Police Chief Volume: 70 Issue: 6 Dated: June 2003 Pages: 18,20,21-24,27,30,32
This article discusses ways in which law enforcement officials may assist in preventing the abuse of diversion drugs.
One source of drug abuse is the diversion of a controlled substance used for medical purposes toward purposes of abuse or sale. Prescription drugs account for between 25 to 30 percent of all drug abuse episodes. Preventing the diversion of prescribed drugs is a responsibility to be shared by prescribers, law enforcement officials, pharmacists, manufacturers, and regulatory bodies. For controlled substance prescriptions to be lawful, the prescription must be issued for a legitimate medical purpose by a practitioner acting in the usual course of his or her practice, with medical records indicating the conditions leading up to the prescription of the drug. This article discusses the various ways in which prescriptions may be written by members of the medical profession, unlawfully, in the absence of a thorough medical exam, and in order to help out friends or family members; and discusses the importance of using law enforcement officials to aid in the prevention of prescription medicine abuse. One primary way in which law enforcement officials may aid pharmacists and physicians in drug abuse prevention is to keep medical practitioners informed of behaviors that are often demonstrated by drug seekers. This article discusses the various legal issues imposed on prescription drugs by the Federal Comprehensive Drug Abuse Prevention and Control Act of 1970. This Act details under what conditions prescriptions may be issued and for which drugs. Following a discussion of the role of the pharmacy in prevention diversion through scrutinizing prescriptions is also presented. The diversion of prescription medications create a multitude of problems which may be addressed through educational and investigative efforts from various agencies, including law enforcement officials.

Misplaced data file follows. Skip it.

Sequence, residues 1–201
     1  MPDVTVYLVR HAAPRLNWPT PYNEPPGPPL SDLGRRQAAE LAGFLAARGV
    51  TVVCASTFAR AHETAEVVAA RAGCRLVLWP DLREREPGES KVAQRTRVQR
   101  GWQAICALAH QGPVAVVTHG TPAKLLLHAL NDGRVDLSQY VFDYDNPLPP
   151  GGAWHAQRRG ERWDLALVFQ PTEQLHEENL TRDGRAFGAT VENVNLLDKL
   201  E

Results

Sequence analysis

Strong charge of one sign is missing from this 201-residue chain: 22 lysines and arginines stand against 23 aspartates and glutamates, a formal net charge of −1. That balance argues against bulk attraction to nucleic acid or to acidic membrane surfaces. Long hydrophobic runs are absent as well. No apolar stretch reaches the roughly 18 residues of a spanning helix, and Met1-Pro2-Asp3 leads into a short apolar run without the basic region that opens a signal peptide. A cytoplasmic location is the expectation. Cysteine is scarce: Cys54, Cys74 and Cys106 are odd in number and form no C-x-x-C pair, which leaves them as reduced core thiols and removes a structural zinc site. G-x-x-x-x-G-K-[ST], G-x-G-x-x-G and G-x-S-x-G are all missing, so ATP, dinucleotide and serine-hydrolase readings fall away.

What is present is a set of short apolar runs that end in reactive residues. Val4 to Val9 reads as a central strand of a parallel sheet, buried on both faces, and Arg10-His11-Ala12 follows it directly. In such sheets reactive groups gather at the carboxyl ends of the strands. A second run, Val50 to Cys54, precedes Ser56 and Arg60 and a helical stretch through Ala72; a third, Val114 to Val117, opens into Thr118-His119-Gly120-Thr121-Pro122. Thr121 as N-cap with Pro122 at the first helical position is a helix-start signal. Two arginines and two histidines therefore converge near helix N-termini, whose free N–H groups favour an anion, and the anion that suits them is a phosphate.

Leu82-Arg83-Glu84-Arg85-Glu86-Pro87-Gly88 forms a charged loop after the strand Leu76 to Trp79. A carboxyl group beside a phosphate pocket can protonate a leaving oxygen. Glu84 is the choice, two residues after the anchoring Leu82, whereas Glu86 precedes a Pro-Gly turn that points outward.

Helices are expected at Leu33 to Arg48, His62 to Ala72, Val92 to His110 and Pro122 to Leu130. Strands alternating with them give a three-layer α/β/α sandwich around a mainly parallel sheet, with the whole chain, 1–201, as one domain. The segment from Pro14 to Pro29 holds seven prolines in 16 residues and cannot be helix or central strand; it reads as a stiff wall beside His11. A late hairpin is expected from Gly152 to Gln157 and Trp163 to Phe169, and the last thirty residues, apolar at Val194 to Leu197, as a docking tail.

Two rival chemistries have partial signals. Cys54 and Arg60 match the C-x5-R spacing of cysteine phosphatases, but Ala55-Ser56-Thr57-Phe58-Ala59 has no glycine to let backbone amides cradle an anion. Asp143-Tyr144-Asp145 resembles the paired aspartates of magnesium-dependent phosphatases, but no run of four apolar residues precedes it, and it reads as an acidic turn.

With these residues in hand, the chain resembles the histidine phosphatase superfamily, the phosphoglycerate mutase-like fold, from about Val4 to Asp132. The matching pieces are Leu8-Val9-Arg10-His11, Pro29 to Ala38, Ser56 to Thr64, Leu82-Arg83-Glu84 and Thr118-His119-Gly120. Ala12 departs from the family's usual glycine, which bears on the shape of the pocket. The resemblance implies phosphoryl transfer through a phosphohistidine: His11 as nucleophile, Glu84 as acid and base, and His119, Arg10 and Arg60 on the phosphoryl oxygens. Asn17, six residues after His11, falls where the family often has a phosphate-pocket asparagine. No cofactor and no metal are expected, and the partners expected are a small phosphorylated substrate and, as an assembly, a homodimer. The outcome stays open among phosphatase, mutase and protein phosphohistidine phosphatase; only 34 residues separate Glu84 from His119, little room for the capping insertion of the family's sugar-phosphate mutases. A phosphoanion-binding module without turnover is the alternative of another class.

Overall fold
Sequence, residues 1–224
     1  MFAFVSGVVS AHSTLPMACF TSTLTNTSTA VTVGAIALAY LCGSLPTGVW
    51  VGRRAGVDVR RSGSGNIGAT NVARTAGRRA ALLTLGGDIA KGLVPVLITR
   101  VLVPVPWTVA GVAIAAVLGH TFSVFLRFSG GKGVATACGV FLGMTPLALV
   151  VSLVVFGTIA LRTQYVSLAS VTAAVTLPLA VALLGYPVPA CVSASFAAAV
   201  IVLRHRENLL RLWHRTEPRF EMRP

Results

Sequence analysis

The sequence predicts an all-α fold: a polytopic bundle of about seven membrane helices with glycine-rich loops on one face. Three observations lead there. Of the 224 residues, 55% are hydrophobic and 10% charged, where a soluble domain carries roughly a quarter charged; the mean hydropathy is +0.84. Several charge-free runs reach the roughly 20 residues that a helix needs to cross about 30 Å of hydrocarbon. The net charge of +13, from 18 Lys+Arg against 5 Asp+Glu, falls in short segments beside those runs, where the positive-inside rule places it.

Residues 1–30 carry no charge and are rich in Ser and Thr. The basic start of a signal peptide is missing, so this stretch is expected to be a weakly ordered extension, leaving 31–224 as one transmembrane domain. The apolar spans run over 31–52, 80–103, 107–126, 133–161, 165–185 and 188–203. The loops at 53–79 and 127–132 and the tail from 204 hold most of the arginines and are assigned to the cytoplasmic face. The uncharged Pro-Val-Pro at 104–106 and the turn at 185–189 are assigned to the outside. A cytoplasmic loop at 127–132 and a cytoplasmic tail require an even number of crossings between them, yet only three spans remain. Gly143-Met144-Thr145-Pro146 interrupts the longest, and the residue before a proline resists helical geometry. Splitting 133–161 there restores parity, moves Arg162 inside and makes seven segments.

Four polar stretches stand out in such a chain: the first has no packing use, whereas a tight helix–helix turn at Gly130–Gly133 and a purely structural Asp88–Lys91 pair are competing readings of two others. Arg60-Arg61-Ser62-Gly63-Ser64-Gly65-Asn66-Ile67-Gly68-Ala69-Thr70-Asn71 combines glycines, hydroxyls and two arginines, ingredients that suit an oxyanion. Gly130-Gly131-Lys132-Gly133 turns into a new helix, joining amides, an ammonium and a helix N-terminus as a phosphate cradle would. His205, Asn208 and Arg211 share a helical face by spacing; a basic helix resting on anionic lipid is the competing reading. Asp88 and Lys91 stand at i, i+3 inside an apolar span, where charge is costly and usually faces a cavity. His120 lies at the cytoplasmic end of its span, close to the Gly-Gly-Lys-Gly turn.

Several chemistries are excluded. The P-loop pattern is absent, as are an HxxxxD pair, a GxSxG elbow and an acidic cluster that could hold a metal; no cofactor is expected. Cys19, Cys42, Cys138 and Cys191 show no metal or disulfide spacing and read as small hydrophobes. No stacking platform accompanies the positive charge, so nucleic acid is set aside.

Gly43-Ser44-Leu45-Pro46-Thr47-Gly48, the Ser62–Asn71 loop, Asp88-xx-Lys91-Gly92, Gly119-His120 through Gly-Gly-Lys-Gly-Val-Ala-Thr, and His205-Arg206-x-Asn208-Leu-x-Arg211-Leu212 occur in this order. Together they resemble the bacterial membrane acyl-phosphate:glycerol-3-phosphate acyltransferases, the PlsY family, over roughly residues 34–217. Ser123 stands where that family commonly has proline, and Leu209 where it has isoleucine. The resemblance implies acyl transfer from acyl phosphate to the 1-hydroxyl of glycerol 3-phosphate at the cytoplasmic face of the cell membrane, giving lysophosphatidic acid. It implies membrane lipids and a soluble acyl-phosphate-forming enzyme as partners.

United States of America